Kleptomania is often thought of being a part of obsessive-compulsive disorder, since the irresistible and uncontrollable actions are similar to the frequently excessive, unnecessary and unwanted rituals of OCD. Some individuals with kleptomania demonstrate hoarding symptoms that resemble those with OCD.[9].

Prevalence rates between the two disorders do not demonstrate a strong relationship. Studies examing the comorbidity of OCD in subjects with kleptomania have inconsistent results, with some showing a relatively high co-occurrence (45%-60%)[10][11] while others demonstrate low rates (0%-6.5%).[12][13] Similarly, when rates of kleptomania have been examined in subjects with OCD, a relatively low co-occurrence was found(2.2%-5.9%).[14] [7]


  1. Grant JE (2004). "Co-occurrence of personality disorders in persons with kleptomania: a preliminary investigation". J. Am. Acad. Psychiatry Law. 32 (4): 395–8. PMID 15704625.
  2. Aizer A, Lowengrub K, Dannon PN (2004). "Kleptomania after head trauma: two case reports and combination treatment strategies". Clinical neuropharmacology. 27 (5): 211–5. PMID 15602100.
  3. Gürlek Yüksel E, Taşkin EO, Yilmaz Ovali G, Karaçam M, Esen Danaci A (2007). "[Case report: kleptomania and other psychiatric symptoms after carbon monoxide intoxication]". Türk psikiyatri dergisi = Turkish journal of psychiatry (in Turkish). 18 (1): 80–6. PMID 17364271. Full text available.
  4. Grant JE (2006). "Understanding and treating kleptomania: new models and new treatments". The Israel journal of psychiatry and related sciences. 43 (2): 81–7. PMID 16910369. Full text PDF
  5. 5.0 5.1 5.2 Diagnostic and statistical manual of mental disorders : DSM-5. Washington, D.C: American Psychiatric Association. 2013. ISBN 0890425558.
  6. Dannon PN, Aizer A, Lowengrub K, (2006): Kleptomania: Differential Diagnosis and Treatment Modalities. Current Psychiatry Reviews. 2(2) 281-283.
  7. 7.0 7.1 Matsunaga H, Kiriike N, Matsui T, Oya K, Okino K, Stein DJ (2005). "Impulsive disorders in Japanese adult patients with obsessive-compulsive disorder". Comprehensive psychiatry. 46 (1): 43–9. doi:10.1016/j.comppsych.2004.07.001. PMID 15714194.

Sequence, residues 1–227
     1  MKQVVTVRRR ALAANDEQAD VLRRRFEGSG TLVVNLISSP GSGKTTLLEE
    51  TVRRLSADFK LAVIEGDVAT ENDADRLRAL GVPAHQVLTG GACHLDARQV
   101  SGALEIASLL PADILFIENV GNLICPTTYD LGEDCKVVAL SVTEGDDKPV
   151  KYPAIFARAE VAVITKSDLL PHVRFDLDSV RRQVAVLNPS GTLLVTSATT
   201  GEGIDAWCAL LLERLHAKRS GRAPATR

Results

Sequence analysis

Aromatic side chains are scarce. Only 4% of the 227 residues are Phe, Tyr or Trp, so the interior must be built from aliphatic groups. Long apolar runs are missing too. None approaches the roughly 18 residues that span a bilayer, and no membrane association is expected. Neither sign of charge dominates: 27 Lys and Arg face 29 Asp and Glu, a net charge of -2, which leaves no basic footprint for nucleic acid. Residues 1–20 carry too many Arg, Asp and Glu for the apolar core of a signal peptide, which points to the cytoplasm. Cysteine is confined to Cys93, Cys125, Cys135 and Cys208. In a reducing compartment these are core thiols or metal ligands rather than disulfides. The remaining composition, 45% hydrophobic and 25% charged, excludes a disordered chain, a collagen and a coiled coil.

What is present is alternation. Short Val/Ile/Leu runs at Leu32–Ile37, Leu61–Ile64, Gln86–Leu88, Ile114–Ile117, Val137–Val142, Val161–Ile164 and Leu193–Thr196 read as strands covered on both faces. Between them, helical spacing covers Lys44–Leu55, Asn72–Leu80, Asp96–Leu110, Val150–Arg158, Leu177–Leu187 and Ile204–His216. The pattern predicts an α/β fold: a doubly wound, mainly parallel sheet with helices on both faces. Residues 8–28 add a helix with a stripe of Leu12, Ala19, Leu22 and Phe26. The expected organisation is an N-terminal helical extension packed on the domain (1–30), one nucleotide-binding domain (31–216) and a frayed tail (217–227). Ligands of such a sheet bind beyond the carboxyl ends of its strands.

8. Grant JE (2005). "Outcome study of kleptomania patients treated with naltrexone: a chart review". Clinical neuropharmacology. 28 (1): 11–4. PMID 15711433.
  9. Grant JE, Kim SW (2002). "Clinical characteristics and associated psychopathology of 22 patients with kleptomania". Comprehensive psychiatry. 43 (5): 378–84. PMID 12216013.
  10. Presta S, Marazziti D, Dell'Osso L, Pfanner C, Pallanti S, Cassano GB (2002). "Kleptomania: clinical features and comorbidity in an Italian sample". Comprehensive psychiatry. 43 (1): 7–12. PMID 11788913.
  11. McElroy SL, Pope HG, Hudson JI, Keck PE, White KL (1991). "Kleptomania: a report of 20 cases". The American journal of psychiatry. 148 (5): 652–7. PMID 2018170.
  12. Baylé FJ, Caci H, Millet B, Richa S, Olié JP (2003). "Psychopathology and comorbidity of psychiatric disorders in patients with kleptomania". The American journal of psychiatry. 160 (8): 1509–13. PMID 12900315. Full text available
  13. Grant JE (2003). "Family history and psychiatric comorbidity in persons with kleptomania". Comprehensive psychiatry. 44 (6): 437–41. doi:10.1016/S0010-440X(03)00150-0. PMID 14610719.
  14. Fontenelle LF, Mendlowicz MV, Versiani M, (2005) Impulse control disorders in patients with obsessive-compulsive disorder. Psychiatr Clin Neurosci. 59:30-37.